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You can pour as much blood, sweat and tears into a business as you like, but it still doesn’t mean you’re moving forwards at the rate you should be, explains Carl Reader.

 

Success isn’t based solely on the number of late nights you pull, or revolutionary apps you download. Without doubt, a business most benefits from its owner being fresh and enthusiastic about it.

The boost that a motivated entrepreneur can bring to a business is phenomenal, and conversely a tired, demotivated business owner can end up dragging the business down without realising.

So, here are some of the common problems that business owners suffer from:

  • Becoming a bottleneck – if I was to choose just one issue that limits both businesses and entrepreneurs, it is this. Often a business owner will want to become involved in every little detail of the business. Whilst it is important to understand the workings of the business, it’s also important to remember that there are only 24 hours in each day, and by becoming personally involved in every single process, the business is limited by the time and effort that you can put into the business.
  • Not having sufficient separation between personal and business life – a quote that I have heard is that the best part of being an entrepreneur is that you can choose which 18 hours per day that you work! The very nature of running a start up means that you have to cut costs wherever possible, and this often means that you will be working from the dining room table. Add to that the pressures of starting a business – with a lack of staff, and the additional promotional efforts needed – and you have the perfect recipe for long days (and nights) slaving away at a business.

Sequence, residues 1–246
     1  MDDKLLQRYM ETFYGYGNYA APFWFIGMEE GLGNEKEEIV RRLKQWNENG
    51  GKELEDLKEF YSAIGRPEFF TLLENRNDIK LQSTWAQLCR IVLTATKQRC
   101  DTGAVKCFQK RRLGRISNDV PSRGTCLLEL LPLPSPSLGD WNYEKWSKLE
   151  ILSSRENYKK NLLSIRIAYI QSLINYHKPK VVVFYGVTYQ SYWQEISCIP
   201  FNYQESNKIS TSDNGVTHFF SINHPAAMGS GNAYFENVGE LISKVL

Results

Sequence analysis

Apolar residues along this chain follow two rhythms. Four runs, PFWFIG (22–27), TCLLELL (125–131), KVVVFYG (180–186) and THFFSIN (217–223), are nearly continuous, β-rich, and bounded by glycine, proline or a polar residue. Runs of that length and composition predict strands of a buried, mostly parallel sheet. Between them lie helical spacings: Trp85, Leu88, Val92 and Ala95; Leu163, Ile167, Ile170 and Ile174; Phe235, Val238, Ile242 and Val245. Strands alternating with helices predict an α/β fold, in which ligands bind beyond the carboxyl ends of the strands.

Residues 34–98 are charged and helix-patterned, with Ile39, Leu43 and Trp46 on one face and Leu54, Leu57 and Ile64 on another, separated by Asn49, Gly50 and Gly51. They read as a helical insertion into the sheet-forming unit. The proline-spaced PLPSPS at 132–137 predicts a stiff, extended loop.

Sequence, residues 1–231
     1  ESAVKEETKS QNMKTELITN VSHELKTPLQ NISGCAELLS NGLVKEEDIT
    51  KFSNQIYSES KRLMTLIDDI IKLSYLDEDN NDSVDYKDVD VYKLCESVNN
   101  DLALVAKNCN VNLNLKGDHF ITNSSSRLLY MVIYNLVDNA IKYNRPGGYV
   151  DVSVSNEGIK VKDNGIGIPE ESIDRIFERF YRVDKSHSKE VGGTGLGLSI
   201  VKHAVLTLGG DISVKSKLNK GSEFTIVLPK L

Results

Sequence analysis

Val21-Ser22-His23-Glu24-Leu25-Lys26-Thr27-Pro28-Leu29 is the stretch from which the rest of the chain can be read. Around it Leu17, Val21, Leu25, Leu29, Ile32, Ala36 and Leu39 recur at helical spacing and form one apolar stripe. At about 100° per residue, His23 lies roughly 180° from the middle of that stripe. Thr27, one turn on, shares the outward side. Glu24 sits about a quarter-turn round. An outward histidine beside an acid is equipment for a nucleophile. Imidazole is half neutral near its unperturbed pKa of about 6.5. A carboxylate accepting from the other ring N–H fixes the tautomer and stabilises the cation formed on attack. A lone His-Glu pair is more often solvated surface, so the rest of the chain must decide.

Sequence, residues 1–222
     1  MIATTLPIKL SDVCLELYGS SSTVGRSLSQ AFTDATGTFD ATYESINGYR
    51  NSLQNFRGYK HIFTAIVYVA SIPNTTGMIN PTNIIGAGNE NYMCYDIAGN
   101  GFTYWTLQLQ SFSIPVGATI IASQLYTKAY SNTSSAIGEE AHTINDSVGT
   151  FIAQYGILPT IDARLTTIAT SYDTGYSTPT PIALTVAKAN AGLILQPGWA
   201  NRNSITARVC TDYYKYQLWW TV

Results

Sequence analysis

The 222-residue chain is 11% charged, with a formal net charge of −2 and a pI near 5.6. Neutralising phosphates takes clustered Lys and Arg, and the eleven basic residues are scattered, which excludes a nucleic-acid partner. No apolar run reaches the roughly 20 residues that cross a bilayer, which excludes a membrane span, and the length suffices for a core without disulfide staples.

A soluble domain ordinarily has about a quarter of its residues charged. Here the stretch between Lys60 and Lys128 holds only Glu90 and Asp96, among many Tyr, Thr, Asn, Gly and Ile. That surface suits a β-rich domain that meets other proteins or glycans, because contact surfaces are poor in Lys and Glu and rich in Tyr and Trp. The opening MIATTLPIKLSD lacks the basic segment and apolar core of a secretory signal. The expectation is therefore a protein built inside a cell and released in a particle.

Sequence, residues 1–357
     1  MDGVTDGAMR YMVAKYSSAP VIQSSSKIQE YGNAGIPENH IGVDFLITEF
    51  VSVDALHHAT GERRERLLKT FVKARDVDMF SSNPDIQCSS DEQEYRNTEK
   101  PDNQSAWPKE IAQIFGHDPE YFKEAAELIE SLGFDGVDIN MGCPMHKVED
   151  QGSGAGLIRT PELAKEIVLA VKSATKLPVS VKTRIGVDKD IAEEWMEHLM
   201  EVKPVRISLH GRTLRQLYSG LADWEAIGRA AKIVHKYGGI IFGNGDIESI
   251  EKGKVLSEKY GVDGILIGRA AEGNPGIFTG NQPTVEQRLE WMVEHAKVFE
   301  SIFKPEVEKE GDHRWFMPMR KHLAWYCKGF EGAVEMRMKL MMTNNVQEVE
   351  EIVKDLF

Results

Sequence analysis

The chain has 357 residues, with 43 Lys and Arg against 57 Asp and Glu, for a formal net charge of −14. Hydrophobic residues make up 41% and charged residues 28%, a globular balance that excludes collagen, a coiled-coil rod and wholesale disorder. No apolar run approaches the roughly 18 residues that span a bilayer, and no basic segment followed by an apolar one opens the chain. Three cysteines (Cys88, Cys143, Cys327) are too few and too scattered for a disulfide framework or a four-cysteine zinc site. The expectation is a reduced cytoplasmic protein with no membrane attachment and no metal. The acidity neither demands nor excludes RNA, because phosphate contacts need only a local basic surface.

• Irregular income – it is understandable that the biggest fear that most people have about starting their own business is the lack of a secure pay cheque, and to many business owners the shift from a regular monthly income to perhaps an irregular income (or worse still, no income) is a very difficult change to make. This is compounded by the additional pressures that running a start up can put on an entrepreneur.
  • Working outside the skill set of the entrepreneur – although a business owner may be highly skilled in what they do (whether that’s a technical skill, a sales skill, or a management skill), they may not necessarily have the other skills required to run a business. These include areas such as negotiation, decision making, leadership, in addition to those skills more commonly seen in employees. Often, these skills can’t be learned from a book or a seminar, and as such the business owner has to learn by experience. Along the way some mistakes will be made, and the stress that can occur from these is yet another pressure for the entrepreneur.

 

Carl Reader is the author of The Start Up Coach, co-owner of dennisandturnbull.com